cxr1086 at LOUISIANA.EDU
Thu Jan 13 17:39:51 UTC 2005
> -----Original Message-----
> From: Arnold M. Zwicky [mailto:zwicky at CSLI.STANFORD.EDU]
> Sent: Wednesday, January 12, 2005 5:01 PM
> Subject: the blendoid
> uttered by our own Grant Barrett, 1/7/05, at the first WOTY discussion
> in Oakland:
> ... put your balls on the table
> this is clearly based on "put one's cards on the table" 'be open,
> candid', but with an element of bravery and/or audacity
> associated with
> "balls" as in "have the balls to". (of course, actually putting your
> balls on the table would be both open and audacious, not to mention
> risky and probably uncomfortable.) this is not your usual blend, for
> two reasons: (a) the combining elements are not competing expressions
> for the same or similar meanings, but each contributes meaning to the
> result, which (i surmise, though grant can speak for himself here)
> conveys something like 'have the balls to put one's cards on
> the table'
Though Lewis Caroll's original description of the 'portmanteau' called for
exactly the unusual kind of process: it's what happens when you think two
different things simultaneously so that parts of both are uttered. Whether
the two slightly different processes (maybe 'lexical access poverty' and
'lexical access surplus'?) give rise to different products is an open
> ; and (b) the result is not really a structural amalgam of "put one's
> cards on the table" and "have to balls to", but really just the former
> with "balls" taking the place of "cards".
> the closest thing to this that we've discussed here is, i think,
> "bunker down". in the words of jerry cohen, on 10/10/03:
> "Bunker down" is not a blend. It's merely "hunker down" with the
> intrusion of "bunker" (based both on phonetic similarity and the idea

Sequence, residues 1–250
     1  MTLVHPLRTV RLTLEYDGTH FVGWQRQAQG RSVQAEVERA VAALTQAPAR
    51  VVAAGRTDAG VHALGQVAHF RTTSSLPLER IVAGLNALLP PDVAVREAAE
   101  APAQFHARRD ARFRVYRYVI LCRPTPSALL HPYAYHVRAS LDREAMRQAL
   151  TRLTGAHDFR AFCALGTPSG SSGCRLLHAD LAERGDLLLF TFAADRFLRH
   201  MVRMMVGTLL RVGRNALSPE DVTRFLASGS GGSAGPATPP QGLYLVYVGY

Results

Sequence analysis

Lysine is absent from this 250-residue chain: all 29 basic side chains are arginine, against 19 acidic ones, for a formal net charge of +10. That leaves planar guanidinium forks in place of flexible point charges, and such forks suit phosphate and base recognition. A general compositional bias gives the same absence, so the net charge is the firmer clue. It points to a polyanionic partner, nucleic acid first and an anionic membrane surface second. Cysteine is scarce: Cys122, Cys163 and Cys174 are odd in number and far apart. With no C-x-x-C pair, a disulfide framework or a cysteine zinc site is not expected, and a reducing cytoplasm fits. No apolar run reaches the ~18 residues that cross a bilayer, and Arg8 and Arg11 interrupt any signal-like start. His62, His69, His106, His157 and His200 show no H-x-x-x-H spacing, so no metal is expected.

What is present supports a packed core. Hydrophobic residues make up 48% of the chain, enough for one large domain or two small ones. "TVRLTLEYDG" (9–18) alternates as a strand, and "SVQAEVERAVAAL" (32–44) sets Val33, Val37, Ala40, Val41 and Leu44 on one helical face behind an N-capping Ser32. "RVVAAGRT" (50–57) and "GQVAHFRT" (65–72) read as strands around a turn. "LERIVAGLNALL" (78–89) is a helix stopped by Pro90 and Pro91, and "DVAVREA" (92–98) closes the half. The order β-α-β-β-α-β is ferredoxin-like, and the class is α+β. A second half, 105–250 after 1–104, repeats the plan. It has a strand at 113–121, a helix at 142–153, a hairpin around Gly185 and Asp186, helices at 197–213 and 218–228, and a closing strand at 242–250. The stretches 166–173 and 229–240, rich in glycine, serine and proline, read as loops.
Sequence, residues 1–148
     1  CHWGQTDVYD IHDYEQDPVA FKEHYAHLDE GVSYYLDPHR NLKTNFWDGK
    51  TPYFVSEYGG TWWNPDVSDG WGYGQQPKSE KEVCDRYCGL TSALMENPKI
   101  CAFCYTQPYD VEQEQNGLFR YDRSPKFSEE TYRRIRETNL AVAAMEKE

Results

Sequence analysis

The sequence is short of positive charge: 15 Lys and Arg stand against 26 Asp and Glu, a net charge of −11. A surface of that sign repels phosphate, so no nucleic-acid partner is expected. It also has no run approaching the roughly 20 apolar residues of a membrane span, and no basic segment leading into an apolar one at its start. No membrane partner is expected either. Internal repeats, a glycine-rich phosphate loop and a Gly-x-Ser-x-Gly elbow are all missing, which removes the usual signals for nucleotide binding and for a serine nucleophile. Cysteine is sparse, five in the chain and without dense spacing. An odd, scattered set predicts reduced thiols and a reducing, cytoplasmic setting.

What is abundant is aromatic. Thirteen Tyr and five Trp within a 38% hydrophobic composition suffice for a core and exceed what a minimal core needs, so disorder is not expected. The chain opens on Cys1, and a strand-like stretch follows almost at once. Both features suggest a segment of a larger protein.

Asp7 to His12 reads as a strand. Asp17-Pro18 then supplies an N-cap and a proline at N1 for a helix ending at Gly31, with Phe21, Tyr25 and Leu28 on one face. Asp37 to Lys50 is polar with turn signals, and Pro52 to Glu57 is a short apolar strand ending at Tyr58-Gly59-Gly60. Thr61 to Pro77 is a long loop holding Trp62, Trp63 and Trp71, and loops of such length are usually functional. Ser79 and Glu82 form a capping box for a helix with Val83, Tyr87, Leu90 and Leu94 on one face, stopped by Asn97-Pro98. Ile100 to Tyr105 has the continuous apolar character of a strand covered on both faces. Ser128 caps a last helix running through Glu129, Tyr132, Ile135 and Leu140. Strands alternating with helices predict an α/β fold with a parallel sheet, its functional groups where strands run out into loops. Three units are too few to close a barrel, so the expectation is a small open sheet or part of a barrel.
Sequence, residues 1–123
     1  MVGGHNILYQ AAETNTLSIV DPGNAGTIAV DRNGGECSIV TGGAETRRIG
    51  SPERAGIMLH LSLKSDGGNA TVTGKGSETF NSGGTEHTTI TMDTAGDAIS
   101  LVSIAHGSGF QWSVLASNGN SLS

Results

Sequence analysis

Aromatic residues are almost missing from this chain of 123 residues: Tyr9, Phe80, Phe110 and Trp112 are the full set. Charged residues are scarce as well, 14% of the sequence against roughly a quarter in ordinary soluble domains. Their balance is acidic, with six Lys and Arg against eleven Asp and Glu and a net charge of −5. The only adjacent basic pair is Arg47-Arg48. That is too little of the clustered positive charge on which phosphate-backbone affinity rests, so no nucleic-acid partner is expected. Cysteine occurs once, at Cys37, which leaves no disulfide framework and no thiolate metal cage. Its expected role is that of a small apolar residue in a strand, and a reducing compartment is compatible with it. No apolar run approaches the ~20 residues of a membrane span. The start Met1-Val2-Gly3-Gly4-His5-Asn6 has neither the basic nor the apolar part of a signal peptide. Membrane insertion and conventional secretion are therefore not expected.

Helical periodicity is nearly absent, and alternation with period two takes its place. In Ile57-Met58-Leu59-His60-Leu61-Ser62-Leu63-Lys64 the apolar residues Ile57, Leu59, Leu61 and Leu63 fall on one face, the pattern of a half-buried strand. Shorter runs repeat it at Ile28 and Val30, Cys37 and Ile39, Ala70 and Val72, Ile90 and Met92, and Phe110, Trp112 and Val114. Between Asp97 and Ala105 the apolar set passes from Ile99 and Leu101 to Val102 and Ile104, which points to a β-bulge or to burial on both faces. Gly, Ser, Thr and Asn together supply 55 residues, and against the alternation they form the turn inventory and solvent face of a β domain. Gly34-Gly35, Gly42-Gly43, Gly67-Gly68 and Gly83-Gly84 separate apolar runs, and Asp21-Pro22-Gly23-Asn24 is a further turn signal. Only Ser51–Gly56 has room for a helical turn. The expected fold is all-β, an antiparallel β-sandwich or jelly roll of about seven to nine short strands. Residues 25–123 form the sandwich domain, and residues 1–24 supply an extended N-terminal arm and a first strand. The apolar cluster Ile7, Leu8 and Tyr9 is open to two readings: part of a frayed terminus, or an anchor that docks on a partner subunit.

> of hunkering down in a bunker.
> "bunker down" also might have an eggcornesque/malapropistic tinge to
> it, if those who use it think that "bunker" makes more sense than
> "hunker" (if, for example, they're more familiar with "bunker" than
> "hunker"). such a tinge is entirely missing in "put one's
> balls on the table".
I'd imagine that any attempt to formalize blending would have to see
bunker/hunker as at least a candidate for blending, otherwise you'd have to
assume some kind of blanket prohibition against blending occurring between
any two items that have a difference of a single phoneme. You could call it
"exchange" or "intrusion" if you like, but if the mechanisms are otherwise
the same, then where's the benefit? Of course, if we don't follow Carroll's
process account, but instead categorize blends on form only (why am I
tempted to say 'surface structure'?), then blendoid is fine.
Google gives 229 hits for "your balls on the table", with about half of the
first 30 not referring to billiards and at least some of the billiards
contexts taking clear advantage of the pun ("Put your balls on the table &
give them a good whacking.") 134 hits for "his balls on the table" with
fewer pool but more poker, and at least one positive reference each to Bush,
Kerry, and Chomsky.
> in any case, we have one clear model expression, and then a lexical
> intrusion from another expression that's floating in the air (more
> accurately, in the speaker's mind). a sort-of-blend, or blendoid.
> arnold (zwicky at csli.stanford.edu)
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